Ideas and Ridicule

“The truth of our faith becomes a matter of ridicule among the infidels if any Catholic, not gifted with the necessary scientific learning, presents as dogma what scientific scrutiny shows to be false.” -Thomas Aquinas

About 10 years ago, I worked at a small company that had 6 or 7 employees.  It was my first real job after graduating from university.  My political ideology was somewhere in the neighborhood of liberal, and my coworkers were more conservative than me.  This sometimes led to interesting conversations, but for the most part, we had civil interactions, and I would describe it as a functional and professional work atmosphere.

One of my coworkers was quite zealous about his religion, and one day, he alluded to me that he suspected the reason why the song “Bohemian Rhapsody” (Queen) referenced Bealzabub (the devil) was because members of the band made a pact with the devil, trading their souls for mainstream success.

I asked if he was serious, and he said yes.

“Really?” I asked.  “Yes,” he replied.

“You really believe,” I said, “that a band traded their souls for success, and that one of the terms of the trade was that they mention the devil in a song?”

“Yes,” he said again.

Even when I was a Christian, this was batty.  It seemed at the time, and more so now, breath-takingly, mind-numbingly stupid.  Though I saw it as a benign position at the time, I don’t believe this mindset is harmless anymore.

It is born out of the same vein as witch-hunts and inquisitions, and borrows from the strategies of generations earlier by inventing an arbitrary moral framework that makes uncompromising demands and punishes infinitely.

He managed to invent a holy war that no one else was fighting and invented facts to justify his war.  It’s the cheapest sort of character assault, and gives moral justification to zealous believers to suspend their logical faculties and commence mob mentality.

Religious indoctrination exploits this device by creating an unnatural standard of behavior, forcing us to question our innate capacity to tell right from wrong, creating a suspicious and inconsistent framework for assessing morality, and then employing a carrot and stick system to selectively reinforce the standard when it’s convenient.  If someone has the audacity to violate this standard, the faithful are justified to employ punishment.

My coworker’s idea deserves ridicule.  It doesn’t deserve respect, and it doesn’t deserve to be put on some pedestal as an example of a faithful believer willing to suspend reason for the sake of defending their religion in the face of (non-existent) persecution and moral depravity.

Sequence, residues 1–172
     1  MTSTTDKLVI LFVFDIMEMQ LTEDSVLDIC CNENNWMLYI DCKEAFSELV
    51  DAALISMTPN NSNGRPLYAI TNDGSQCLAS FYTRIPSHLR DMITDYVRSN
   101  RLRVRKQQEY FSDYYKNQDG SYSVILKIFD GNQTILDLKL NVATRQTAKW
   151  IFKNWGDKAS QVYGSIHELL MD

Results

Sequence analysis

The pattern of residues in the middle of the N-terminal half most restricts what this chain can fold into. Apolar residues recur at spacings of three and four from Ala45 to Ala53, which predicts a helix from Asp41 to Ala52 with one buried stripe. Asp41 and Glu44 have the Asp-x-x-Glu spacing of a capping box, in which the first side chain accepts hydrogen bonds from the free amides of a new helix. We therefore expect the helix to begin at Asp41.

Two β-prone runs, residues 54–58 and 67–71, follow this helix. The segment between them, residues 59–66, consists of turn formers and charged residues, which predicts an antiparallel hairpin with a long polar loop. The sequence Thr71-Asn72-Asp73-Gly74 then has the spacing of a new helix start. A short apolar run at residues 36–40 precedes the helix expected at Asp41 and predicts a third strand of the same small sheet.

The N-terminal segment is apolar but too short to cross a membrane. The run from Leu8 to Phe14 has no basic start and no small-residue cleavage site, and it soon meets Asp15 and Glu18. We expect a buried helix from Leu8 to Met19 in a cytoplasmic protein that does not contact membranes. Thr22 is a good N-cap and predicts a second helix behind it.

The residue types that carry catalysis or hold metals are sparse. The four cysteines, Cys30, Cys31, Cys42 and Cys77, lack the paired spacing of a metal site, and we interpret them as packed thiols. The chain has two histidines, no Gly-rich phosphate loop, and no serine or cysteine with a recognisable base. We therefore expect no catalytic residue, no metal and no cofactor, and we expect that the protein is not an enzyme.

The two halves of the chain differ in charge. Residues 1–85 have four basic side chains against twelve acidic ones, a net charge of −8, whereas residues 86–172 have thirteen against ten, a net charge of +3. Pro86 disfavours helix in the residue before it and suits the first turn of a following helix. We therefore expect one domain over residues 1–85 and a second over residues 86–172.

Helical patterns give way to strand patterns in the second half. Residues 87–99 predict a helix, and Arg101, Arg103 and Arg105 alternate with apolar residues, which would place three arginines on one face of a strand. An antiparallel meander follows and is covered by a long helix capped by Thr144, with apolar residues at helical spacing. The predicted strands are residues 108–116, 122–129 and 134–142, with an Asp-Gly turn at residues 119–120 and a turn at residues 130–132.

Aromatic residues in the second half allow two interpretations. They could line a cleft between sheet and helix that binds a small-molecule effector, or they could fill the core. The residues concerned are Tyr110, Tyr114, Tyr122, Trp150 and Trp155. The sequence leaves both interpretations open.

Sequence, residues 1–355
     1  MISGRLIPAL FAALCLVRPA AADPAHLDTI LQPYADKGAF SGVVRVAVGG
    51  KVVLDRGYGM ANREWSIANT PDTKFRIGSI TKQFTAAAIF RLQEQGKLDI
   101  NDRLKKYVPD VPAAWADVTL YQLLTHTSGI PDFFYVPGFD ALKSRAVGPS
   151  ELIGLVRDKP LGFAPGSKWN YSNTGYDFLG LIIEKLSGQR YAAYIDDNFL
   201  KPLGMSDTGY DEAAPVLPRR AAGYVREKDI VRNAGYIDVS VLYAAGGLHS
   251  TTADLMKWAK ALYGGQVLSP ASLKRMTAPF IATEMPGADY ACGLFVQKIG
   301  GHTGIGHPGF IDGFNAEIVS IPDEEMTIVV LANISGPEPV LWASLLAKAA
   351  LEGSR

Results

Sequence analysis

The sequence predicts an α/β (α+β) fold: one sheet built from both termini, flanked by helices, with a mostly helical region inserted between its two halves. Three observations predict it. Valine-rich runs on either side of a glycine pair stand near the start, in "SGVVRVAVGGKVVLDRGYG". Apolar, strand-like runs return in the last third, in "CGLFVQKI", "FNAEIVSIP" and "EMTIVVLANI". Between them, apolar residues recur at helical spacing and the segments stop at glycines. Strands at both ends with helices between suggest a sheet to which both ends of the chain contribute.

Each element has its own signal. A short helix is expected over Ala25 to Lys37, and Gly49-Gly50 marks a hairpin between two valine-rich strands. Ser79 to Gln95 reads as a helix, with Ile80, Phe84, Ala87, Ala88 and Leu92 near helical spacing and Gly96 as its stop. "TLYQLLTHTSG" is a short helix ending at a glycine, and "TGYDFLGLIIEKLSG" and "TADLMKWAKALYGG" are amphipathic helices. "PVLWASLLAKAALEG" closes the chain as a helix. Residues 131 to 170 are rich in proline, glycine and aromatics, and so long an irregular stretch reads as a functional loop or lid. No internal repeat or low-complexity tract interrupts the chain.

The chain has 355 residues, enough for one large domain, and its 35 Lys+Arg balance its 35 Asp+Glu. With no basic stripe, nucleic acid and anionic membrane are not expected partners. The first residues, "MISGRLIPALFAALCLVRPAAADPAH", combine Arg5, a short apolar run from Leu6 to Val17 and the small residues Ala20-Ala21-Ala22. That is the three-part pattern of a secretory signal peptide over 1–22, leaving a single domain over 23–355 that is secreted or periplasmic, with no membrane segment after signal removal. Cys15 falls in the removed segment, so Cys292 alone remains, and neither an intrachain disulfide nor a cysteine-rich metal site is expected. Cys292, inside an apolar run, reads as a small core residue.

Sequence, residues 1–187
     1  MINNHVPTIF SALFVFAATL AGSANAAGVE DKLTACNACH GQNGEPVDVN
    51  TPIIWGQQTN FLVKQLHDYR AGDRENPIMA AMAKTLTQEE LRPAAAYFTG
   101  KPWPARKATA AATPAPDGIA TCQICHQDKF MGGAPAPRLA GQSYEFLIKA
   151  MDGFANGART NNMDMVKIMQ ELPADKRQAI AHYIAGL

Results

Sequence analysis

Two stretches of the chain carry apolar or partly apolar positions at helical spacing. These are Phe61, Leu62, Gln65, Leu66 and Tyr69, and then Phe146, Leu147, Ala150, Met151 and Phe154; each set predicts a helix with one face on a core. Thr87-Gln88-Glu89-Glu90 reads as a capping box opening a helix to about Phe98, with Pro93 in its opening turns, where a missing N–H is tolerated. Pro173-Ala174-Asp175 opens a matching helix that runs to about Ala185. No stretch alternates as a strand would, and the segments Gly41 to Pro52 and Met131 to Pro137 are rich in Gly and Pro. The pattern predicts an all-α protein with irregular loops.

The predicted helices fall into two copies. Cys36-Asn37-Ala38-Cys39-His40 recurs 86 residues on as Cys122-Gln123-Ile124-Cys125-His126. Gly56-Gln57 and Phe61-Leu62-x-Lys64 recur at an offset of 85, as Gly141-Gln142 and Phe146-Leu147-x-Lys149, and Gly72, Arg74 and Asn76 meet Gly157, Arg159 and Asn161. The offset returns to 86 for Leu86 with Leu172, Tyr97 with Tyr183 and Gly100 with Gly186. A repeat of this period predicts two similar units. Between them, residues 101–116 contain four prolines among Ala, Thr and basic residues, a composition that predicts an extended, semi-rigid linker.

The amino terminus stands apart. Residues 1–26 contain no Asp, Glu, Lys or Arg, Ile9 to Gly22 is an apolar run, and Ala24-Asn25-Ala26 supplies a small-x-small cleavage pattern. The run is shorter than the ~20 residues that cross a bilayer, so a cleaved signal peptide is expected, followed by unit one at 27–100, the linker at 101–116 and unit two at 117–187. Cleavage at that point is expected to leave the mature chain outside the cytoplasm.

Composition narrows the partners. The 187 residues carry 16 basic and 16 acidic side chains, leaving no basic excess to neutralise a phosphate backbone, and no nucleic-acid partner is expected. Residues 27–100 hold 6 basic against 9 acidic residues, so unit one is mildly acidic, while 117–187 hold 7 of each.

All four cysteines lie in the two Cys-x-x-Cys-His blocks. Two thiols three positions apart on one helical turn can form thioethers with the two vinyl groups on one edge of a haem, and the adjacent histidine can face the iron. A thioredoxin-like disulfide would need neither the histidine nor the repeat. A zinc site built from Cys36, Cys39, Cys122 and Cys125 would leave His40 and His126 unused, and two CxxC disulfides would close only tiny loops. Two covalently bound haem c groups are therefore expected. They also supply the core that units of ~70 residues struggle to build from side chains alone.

Ideas like these are dangerous, not simply because they’re the intellectual fodder for religious extremism, but because the doctrine that gave rise this nonsense celebrates its own intellectual dishonesty, and builds movements around it.  It’s what extremism looks like.  In this case, my coworker integrated religious extremism into a popular culture reference, and called it a reasonable conclusion, while presupposing moral authority.

The fact that my co-worker was willing to share this idea at all, let alone in a workplace environment, raised serious questions in my mind of whether he was fit to remain unmedicated, let alone play an integral role in the small business for which we both worked.  As it turns out, the business did not remain a business for very long (for reasons outside both our controls).

As a non-confrontational midwestern Lutheran, I let my coworker’s claim slide, and vowed to steer clear of conversations like that in the future.  I wish I had it to do over again, because I might have raised the issue that his claim looked a lot like the preamble of some witch-burning manifesto.  Or maybe I’d challenge his arrogance in spouting extremist nonsense about a person who wasn’t even alive anymore.  Or maybe I’d explore to see what other things he’d invented to suit his agenda.  Or perhaps I’d question his inclination to raise such hogwash at work.

I think it’s important to push back against this nonsense, because it’s not right, it’s not decent, and it’s not moral.  People who say shit like that are hypocrites, and this extremism amplifies when people have the luxury of isolating themselves in like-minded communities.


Author: Tim...Stepping Out

Tim Stepping Out

One thought on “Ideas and Ridicule”

  1. Somewhere in the blogosphere, I forget where, someone wrote that a great way to help people see their own irrationality is to calmly repeat back to them what they just said and ask them if that’s is what they believe. That helps to make sure you heard them right, and when they repeat it back to themself, they might see how silly it is. Perhaps not then, but perhaps later.

    By forcing an increase in their cognitive dissonance, you are edging them closer to the point where they have to deal with it. It seems to me that, for many, getting rid of false beliefs just won’t happen until the cost of keeping them gets too high. For me, the actual cost of cognitive dissonance eventually outweighed the perceived cost of deconversion, and I deconverted.

    As for whether they are mentally competent, there are loads of people who are highly intelligent and functional while simultaneously believing things like young earth creationism and the existence of the devil. They compartmentalize. It probably really is harming them, but it hasn’t harmed them enough yet for them to question it.


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